I was my family’s financial support for 5 years until I decided to move to NYC to go to college by myself. After years of still hating who I was, and involving myself in cheap sex and empty relationships, I met someone who changed my life. Before, I asked him to marry me, I took him to Florida to visit my parents. My mother and my grandmother absolutely adore him and my brother liked him a lot as well. My father was quiet and rather distant. He knew I was going to marry him. I tried. I proposed to my boyfriend the following day while at a friend’s house in Miami. God, I was happy! :)

    Two months later, I humbly married him at City Hall in New York City where we both currently live. Only my mother, my grandmother, my sister and a couple of cousins sent their love to us. My father never called me. See, my father is a hardcore Republican, and he’s allowed his political view skew his understanding of what’s best for me. My husband and I did not get married to get a fancy party or to get a chance to wear a tuxedo. I married him because I want to protect him. I want to make sure he’s able to see me if I am sick. I think we are all afraid to die alone, and I want my husband to be that person next to me whenever I have to leave. You know how people get married and get all that moral, financial and love support? Well, we didn’t get that. We are struggling financially and making the best of it.

    I stopped talking to my father after he never called me. I cannot change my father’s mentality but he can’t change mine. I find myself bargaining the situation in my head; if he would’ve called me and said, “I don’t agree with what you’re doing but I wish you the best,” maybe just that wouldn’t have thrown me in the depression in which I’ve been struggling with for the past 4 months. I love him so dearly. He was not only my father, he was my best friend. I sometimes keep hope that he will call and say something, but I know he is too proud to do that. I think I’ve heard him say “sorry” a handful of times.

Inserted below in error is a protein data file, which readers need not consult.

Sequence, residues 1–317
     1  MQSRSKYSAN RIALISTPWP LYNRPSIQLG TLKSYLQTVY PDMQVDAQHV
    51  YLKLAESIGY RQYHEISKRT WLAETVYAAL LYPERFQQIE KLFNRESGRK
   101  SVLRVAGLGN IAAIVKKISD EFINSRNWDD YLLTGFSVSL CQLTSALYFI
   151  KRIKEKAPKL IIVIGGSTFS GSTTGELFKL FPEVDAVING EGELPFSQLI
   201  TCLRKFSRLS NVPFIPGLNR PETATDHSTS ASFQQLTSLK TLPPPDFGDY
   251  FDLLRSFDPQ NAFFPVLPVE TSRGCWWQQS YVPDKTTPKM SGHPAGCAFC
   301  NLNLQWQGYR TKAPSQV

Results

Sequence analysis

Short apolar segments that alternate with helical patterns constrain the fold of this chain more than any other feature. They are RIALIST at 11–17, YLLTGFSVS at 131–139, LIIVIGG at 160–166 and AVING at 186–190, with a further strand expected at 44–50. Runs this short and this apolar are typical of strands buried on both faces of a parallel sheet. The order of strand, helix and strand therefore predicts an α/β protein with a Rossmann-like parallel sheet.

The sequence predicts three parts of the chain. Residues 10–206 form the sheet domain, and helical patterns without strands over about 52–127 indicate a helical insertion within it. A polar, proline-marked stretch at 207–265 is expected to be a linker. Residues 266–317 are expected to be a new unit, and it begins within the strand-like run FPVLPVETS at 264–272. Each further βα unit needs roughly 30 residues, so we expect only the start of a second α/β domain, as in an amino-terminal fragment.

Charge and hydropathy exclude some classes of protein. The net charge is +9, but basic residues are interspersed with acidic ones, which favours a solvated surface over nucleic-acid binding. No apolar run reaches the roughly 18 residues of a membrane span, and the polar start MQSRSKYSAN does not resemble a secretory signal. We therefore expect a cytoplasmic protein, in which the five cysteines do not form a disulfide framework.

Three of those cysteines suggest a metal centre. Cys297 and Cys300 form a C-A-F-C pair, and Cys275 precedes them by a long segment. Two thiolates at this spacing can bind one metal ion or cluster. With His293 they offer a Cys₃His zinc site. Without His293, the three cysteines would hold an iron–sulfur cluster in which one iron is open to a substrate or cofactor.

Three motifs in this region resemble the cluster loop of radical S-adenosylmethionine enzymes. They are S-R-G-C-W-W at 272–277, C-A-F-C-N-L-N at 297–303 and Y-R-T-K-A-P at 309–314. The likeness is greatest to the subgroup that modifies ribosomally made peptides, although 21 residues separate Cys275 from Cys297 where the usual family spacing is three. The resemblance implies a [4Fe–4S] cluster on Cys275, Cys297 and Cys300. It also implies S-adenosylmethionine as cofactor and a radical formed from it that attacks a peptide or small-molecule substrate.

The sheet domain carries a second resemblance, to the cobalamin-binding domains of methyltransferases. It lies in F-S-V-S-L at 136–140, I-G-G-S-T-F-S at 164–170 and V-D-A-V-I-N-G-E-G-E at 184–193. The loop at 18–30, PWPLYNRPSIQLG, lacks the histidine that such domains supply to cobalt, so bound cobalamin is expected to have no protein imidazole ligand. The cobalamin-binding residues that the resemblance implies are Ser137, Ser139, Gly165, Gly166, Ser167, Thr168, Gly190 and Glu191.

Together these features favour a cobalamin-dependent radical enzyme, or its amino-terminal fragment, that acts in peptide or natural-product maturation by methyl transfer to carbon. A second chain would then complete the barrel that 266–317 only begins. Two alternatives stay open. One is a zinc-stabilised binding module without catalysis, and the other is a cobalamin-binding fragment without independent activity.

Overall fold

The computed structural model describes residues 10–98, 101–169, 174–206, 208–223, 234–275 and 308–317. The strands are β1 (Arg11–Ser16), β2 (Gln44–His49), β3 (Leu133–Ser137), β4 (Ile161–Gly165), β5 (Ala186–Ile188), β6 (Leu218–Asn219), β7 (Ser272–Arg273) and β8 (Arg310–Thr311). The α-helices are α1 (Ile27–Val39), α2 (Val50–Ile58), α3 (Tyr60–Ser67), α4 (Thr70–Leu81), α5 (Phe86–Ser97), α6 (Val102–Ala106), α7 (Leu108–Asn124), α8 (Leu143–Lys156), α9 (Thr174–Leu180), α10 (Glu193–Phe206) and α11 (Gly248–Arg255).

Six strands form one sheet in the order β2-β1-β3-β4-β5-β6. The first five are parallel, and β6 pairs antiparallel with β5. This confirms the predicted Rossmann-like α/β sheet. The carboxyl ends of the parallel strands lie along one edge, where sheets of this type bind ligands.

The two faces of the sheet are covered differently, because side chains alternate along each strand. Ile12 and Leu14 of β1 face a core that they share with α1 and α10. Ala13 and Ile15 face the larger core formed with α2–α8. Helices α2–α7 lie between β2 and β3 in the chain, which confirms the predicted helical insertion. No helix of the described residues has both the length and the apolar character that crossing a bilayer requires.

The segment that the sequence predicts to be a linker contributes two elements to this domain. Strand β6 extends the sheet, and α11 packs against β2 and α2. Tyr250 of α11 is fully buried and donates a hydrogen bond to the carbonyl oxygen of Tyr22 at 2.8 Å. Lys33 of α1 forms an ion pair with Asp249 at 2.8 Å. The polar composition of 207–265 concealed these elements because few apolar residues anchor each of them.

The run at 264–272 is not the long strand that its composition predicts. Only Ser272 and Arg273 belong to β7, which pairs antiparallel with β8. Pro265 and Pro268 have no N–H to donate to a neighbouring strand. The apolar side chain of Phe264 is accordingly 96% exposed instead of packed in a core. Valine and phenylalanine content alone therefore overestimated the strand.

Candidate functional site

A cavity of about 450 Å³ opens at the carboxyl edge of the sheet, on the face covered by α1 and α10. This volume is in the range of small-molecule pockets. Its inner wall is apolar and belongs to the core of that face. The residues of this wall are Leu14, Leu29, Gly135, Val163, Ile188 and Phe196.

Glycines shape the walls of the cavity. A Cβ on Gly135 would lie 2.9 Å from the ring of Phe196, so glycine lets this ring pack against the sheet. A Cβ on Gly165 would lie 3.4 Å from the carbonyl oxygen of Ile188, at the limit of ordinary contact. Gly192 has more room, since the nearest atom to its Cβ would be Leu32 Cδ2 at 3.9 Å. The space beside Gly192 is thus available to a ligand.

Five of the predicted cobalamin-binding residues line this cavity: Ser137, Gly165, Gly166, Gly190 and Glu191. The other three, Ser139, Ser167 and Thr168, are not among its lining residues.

Sorry for this very very very long comment, but I am writing this to you and all of the people reading here so we can all see another side, which is religion and politics. I am very proud to call myself an American, and I thank the Supreme Court of the United States of America for allowing me and my husband to lead a normal married life. Hopefully, one day my father can understand this.

    Thanks,

    C

    Reply
    1. Gwennaëlle

      Dear jjjustforcommenting,
      Thank you for writing this. Just like Linda you helped me become a more understanding human. I hope someday I can reach the level of kindness I am aiming at. If I should succeed you’d be part of the means for me to progress.

      Reply
    2. Celia Lopez McCormack

      Dear C,
      My husband and I are also hard core republican Hispanic family but we do not hate you or your community. Our son came out last year with the fear that we would reject him and cut him from our life. We accepted him and his partner and plan to support and attend the day they tie the knot. Hopefully your father will come around.
      I wrote a song and made a You Tube video capturing my son’s journey which apparently is very similar to yours. I would like to share with you and would love if you forward it to your dad. Maybe it will change his mind. Las Cosas del Amor:http://youtu.be/K8NMG_MzdgQ
      Good luck and congratulations of finding your soul mate.

      Reply
        1. Celia

          Glad you liked it. Please pass it on especially to your family. I wrote it with all my heart. I wanted to tell your side of the story to all and hopefully change the minds of some gay bashers because…”(You) were born that way and it was not by choice, oh you see that is the way (you were) created by our God…”
          Good luck with everything :-)

    3. Texasmom

      Thank God you had the time to make amends before his death. I think I need to be more accepting and unconditionally loving of my child who can be socially awkward, shy with outsiders but extremely bossy to her family. I have always seen it as my job to change these things about her because they will make her life so difficult. But I think I need to let go of that now–she is 13–and let her figure it out. And just love her. I should have done more of that all along.

      Reply
  2. Eric White

    Linda,